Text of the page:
Duma to consider ombudsman for the disabled
The initiative comes from the populist nationalist Liberal Democratic Party, and the head of the LDPR caucus in the Lower House, Igor Lebedev and his deputy Yaroslav Nilov.
The sponsors say there has been an increase in violations of disabled people’s rights in the recent years. Yaroslav Nilov gave a number of examples in an interview with the popular daily Izvestia.
He said that in late October personnel at one of Moscow’s airports refused to board an 8-year old girl on life support and in an electric wheelchair.In other cases people with disabilities have been forced out of public transport, restaurants, and airliners. “Our country lacks the necessary infrastructure to provide people with restricted mobility with access to public places. We receive complaints about the lack of notary services for the blind, the situation is very serious throughout the country,” the lawmaker said.
He added that representatives of disabled people had complained about society’s refusal to accept them as equals.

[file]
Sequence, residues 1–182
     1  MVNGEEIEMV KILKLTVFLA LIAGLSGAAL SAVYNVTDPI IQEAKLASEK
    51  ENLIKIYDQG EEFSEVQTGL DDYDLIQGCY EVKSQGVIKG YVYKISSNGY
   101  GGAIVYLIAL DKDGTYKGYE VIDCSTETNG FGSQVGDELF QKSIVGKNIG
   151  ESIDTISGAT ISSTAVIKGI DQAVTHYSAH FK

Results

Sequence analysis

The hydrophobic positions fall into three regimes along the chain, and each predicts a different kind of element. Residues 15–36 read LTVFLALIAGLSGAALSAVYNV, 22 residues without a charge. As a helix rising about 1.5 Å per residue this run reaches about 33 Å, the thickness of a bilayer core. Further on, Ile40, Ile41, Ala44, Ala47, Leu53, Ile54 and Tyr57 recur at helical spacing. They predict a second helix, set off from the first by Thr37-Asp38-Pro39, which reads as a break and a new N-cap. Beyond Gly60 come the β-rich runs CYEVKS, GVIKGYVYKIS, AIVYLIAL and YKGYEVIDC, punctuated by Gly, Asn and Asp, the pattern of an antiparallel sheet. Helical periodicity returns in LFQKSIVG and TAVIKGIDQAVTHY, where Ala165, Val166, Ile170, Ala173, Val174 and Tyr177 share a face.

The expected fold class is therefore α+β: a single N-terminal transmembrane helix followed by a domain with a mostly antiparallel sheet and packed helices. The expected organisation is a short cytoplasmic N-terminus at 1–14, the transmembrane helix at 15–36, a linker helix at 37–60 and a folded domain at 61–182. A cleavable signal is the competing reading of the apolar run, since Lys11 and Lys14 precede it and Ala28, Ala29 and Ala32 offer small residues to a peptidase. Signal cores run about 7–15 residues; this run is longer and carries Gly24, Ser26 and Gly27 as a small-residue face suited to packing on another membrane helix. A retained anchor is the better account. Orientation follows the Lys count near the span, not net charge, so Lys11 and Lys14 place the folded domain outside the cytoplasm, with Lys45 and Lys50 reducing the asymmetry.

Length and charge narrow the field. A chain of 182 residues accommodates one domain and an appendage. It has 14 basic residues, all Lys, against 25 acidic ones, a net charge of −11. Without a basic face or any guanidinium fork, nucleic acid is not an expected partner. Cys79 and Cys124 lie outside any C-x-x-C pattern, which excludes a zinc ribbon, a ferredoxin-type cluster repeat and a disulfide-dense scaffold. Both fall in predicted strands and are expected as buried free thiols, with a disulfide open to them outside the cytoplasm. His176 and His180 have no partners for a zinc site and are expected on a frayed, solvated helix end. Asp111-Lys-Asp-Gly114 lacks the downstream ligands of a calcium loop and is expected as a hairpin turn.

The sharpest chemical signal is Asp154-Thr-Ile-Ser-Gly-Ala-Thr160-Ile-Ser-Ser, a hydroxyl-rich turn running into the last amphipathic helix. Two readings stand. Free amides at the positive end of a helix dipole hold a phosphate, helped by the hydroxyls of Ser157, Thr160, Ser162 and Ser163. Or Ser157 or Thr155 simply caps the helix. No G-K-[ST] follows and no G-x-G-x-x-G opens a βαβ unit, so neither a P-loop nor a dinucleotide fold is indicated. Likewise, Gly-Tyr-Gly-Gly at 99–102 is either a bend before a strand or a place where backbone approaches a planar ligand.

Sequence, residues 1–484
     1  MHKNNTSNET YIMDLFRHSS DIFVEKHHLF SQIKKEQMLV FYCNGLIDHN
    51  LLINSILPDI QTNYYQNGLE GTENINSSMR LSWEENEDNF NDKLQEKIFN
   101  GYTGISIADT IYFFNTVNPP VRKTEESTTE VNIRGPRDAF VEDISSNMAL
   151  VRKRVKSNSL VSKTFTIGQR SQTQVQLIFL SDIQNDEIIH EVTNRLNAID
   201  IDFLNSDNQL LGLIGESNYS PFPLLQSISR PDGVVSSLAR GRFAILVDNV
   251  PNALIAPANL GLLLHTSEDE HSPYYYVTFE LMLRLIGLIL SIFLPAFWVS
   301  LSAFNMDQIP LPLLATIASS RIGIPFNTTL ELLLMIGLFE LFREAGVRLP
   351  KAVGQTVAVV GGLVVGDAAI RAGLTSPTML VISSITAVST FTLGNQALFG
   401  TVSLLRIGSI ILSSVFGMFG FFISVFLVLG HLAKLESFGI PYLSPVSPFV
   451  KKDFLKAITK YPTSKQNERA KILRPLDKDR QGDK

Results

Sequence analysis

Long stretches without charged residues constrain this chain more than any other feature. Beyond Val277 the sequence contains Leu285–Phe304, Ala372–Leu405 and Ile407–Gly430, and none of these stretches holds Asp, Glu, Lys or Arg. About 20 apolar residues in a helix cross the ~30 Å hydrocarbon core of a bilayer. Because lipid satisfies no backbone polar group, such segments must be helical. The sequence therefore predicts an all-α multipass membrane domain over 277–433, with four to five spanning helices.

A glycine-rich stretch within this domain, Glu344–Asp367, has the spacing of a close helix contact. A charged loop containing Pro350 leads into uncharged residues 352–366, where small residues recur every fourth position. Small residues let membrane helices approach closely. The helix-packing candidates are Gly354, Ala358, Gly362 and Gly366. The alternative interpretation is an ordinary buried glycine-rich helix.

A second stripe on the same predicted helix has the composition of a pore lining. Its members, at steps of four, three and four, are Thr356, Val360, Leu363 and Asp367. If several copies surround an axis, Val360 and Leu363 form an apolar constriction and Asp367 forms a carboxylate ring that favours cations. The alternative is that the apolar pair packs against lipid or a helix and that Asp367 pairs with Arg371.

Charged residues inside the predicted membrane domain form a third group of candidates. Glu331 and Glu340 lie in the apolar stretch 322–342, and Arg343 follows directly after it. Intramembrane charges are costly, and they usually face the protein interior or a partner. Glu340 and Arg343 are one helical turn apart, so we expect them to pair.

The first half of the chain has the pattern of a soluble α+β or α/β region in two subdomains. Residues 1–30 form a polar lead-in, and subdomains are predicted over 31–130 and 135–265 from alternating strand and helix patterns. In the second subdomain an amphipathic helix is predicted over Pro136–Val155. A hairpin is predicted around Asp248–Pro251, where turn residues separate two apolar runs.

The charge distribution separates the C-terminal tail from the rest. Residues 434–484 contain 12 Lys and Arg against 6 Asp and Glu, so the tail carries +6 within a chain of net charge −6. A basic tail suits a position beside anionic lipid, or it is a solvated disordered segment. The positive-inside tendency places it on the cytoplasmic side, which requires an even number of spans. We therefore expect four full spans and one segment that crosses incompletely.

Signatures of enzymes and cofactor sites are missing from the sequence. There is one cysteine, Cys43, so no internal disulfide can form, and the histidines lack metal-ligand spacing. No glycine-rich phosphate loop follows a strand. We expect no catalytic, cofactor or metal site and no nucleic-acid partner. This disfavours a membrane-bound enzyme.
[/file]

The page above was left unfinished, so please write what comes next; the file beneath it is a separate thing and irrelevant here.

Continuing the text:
Nilov went on to criticize Russia’s handling of the events at the 2012 London Paralympics – according to him, the Russian Olympic pavilion, the so called Russia House, was closed when the Paralympics started.
The politicians say that a separate ombudsman would give Russian disabled people a voice, and the opportunity to attract society’s attention to their problems as well as to defend their rights.
Communist Party lawmakers commented that the idea made sense, and promised to support it during parliamentary hearings. The parliamentary majority party United Russia, however, said that a similar motion had been drafted several years ago but was rejected by the government because it was doubling the functions of already existing institutions, like the Health Ministry.
In 2012 Russia ratified the UN Convention on the Rights of Persons with Disabilities, which obliges the government to help the disabled overcome their problems and become equal members of the society. To achieve this, the government allocated 180 billion rubles ($4.5 billion) for the federal Accessible Environment program. However, critics of the project, including the LDPR deputies, complain that the authorities address the issue in an extensive way and it is yielding few results.